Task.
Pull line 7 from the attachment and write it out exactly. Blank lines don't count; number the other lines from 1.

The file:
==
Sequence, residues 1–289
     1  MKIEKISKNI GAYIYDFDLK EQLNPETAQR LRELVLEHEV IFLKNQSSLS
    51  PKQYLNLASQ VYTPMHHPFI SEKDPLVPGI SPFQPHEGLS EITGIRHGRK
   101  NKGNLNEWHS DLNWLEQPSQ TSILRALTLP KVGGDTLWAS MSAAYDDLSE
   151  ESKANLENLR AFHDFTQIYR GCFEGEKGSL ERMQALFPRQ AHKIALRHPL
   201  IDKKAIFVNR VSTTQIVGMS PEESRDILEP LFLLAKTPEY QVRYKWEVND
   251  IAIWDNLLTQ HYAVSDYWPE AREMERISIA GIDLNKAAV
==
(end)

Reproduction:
   251  IAIWDNLLTQ HYAVSDYWPE AREMERISIA GIDLNKAAV